Friday, February 20, 2009

What do Ben Franklin and C.S. Lewis have in common?

Answer: They're both on LibraryThing!

I'm pleased to announce the completion of Benjamin Franklin's LT catalog. This project wouldn't have been possible without the gracious permission of the American Philosophical Society and the Library Company of Philadelphia, the publishers of The Library of Benjamin Franklin (Philadelphia: American Philosophical Society, 2006). Not only have they made the book available via Google Books (here), but they also gave us permission to enter the data from it completely, including the wonderful and incredibly useful annotations by Edwin Wolf 2nd and Kevin Hayes, whose hard work and bibliographical sleuthing made the book possible in the first place.

On the LT end, thanks to pdxwoman, who got the project off the ground way back in January 2008, to hopeglidden and benjclark who cataloged portions of the collection, and to katya0133, who
entered a major chunk of the titles. I jumped in in November and worked to add more titles and augment the records by entering the annotations. We got on a roll in January; since the start of the year, Katya and I added 2,009 titles, ~800 of them in the last ten days.

You can browse the catalog here, read Franklin's reviews, and check out his stats. Not surprisingly, he shares many titles with his other Early American comrades.

No sooner is one finished than another is begun, around here. I'll be tackling the Virginia Georges next (Washington and Wythe) but BOB81 has taken on the task of heading up the creation of an LT catalog for C. S. Lewis, based on a listing created by the Marion E. Wade Center at Wheaton College. If you're interested in helping out, sign up here.

[So far Lewis and Franklin only have one work in common, The Spectator. More to come, I'm sure.]

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Blogger Tim said...

Wonderful news!

Can I put in a plea for someone to add the library to Wikipedia. Wikipedia has more than a paragraph on Franklin's library (see This really deserves to be cited somewhere, probably down in "Franklin and the Arts."

More generally, almost none of these libraries are on their owners' respective Wikipedia pages. They really should be. (I shouldn't do it, since that could draw accusations of promotion, but I sure can promote it!)

2/20/2009 3:49 PM  
Blogger lquilter said...

agreed that these are valuable resources & should be linked. franklin is done (although i thought it was more appropriate in the "biography and guides" section (as a guide)).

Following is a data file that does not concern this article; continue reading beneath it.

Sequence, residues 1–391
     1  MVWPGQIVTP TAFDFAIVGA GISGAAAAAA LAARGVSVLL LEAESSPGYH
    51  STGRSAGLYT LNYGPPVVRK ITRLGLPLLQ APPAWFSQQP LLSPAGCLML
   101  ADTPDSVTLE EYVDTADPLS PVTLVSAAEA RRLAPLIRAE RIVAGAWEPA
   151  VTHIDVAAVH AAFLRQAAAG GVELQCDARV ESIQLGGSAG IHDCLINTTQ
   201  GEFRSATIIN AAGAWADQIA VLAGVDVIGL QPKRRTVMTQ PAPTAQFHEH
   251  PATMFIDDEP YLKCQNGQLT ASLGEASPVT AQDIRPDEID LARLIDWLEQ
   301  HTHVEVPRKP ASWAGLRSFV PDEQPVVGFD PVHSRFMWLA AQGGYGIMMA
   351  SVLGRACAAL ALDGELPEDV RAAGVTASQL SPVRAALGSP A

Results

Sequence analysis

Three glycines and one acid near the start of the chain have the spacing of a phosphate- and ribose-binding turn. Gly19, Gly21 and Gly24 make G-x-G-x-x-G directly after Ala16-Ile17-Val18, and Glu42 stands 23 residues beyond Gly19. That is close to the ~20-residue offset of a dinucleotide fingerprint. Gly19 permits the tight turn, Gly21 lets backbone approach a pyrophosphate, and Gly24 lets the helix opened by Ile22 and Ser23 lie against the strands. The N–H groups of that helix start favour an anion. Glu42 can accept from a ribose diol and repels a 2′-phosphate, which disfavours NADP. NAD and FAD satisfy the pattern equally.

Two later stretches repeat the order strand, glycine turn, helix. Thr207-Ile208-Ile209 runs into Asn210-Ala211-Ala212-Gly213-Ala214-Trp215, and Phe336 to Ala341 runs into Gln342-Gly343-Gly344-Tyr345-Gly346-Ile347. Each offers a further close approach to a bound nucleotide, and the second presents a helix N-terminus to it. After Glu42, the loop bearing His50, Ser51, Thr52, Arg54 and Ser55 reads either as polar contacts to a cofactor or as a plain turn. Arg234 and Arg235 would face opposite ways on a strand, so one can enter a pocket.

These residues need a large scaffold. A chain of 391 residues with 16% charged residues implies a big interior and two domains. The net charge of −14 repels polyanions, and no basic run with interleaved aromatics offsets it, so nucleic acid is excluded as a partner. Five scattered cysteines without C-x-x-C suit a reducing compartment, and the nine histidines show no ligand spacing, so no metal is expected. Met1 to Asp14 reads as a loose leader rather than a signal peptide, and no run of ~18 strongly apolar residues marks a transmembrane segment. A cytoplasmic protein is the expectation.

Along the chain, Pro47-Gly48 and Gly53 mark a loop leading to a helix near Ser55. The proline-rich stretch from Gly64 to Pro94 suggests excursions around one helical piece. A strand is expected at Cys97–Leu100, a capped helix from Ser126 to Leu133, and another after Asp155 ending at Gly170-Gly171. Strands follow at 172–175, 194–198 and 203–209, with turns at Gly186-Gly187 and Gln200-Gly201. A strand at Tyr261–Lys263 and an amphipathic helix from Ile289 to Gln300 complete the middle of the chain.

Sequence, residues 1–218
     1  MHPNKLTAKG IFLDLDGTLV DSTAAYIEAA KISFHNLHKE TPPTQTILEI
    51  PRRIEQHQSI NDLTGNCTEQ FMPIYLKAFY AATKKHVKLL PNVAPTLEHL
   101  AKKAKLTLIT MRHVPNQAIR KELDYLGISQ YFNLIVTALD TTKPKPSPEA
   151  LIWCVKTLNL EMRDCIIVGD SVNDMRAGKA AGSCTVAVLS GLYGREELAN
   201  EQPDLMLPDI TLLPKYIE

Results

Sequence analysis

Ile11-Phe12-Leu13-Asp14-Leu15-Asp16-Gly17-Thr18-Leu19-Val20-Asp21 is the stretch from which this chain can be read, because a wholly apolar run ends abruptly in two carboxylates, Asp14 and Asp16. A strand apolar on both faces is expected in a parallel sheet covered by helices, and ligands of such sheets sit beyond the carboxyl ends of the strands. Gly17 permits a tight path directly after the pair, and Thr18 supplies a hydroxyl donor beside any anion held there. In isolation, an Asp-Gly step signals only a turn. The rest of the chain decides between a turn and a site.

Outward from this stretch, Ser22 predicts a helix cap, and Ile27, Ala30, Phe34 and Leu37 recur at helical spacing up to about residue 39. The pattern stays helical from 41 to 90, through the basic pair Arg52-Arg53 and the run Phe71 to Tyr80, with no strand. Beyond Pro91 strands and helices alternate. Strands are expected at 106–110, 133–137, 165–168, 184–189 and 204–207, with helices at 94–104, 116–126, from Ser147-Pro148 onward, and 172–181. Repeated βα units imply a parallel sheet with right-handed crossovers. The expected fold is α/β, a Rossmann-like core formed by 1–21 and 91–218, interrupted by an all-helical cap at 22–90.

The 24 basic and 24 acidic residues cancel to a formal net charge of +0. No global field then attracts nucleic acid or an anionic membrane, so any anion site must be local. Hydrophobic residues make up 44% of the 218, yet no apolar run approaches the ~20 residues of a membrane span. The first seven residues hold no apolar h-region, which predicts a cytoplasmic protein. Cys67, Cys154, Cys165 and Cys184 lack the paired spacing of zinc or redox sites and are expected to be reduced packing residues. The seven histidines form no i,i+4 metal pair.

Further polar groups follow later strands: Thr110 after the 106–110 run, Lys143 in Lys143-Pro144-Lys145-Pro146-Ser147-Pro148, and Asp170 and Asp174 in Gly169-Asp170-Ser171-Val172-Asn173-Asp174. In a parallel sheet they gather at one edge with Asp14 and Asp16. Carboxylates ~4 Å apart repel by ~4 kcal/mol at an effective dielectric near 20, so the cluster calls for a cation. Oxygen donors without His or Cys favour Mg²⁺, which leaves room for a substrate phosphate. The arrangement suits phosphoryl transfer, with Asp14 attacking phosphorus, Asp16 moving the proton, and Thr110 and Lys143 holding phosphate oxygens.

2/20/2009 3:58 PM  
Anonymous David said...

The Legacy Libraries project is a brilliant idea. There are so many now, which is fantastic of course, but I find the page a little too information dense - particularly as I share 0 for most of them! :-)

Would it be possible to make the page a bit more streamlined? For example starting by default with a single line for each person, e.g.
Tupac Shakur: you share 2 of 68 books
Aaron Copland: you share 0 of 369 books
Mary Hartford: you share 0 of 6 books

Each one can then be individually expanded to see the photo and the specific books. Ideally there would be the option of ordering by name or by number of books (shared or total), as well as an option for expanding all in one go.

Thanks for all your hard work on these everybody!

2/22/2009 2:19 AM  
Anonymous cpg said...

Not only is Lewis on LT, he's one of the top work combiners, author combiners, and CK contributors this week. Way to go, Jack! Don't let a little thing like death keep you from pulling your share of the load!

3/06/2009 8:36 PM  
Blogger Emily Barney said...

Yay! As a former Wade Center student staffer, I wish they had a full public catalog for all the materials they have on all 7 authors (Lewis, Tolkien, Chesterton, Sayers, MacDonald, Williams and Barfield) - there are some really wonderful resources hidden away in archives like that.

But knowing the state of their cataloging system, we're going to have to be satisfied with the tremendous work of volunteers like this. Is this based on a listing of Lewis's works made while he was alive or shortly thereafter? Because his library bounced around a bit before it got to the Wade and some items disappeared along the way.

3/12/2009 12:30 PM  
Blogger Ed Hird+ said...

Benjamin Franklin and CS Lewis have both had remarkable impacts in so many ways. A Benjamin Franklin article just received the ‘Top 100 Electricity Blogs’ Award

10/25/2009 9:04 AM  

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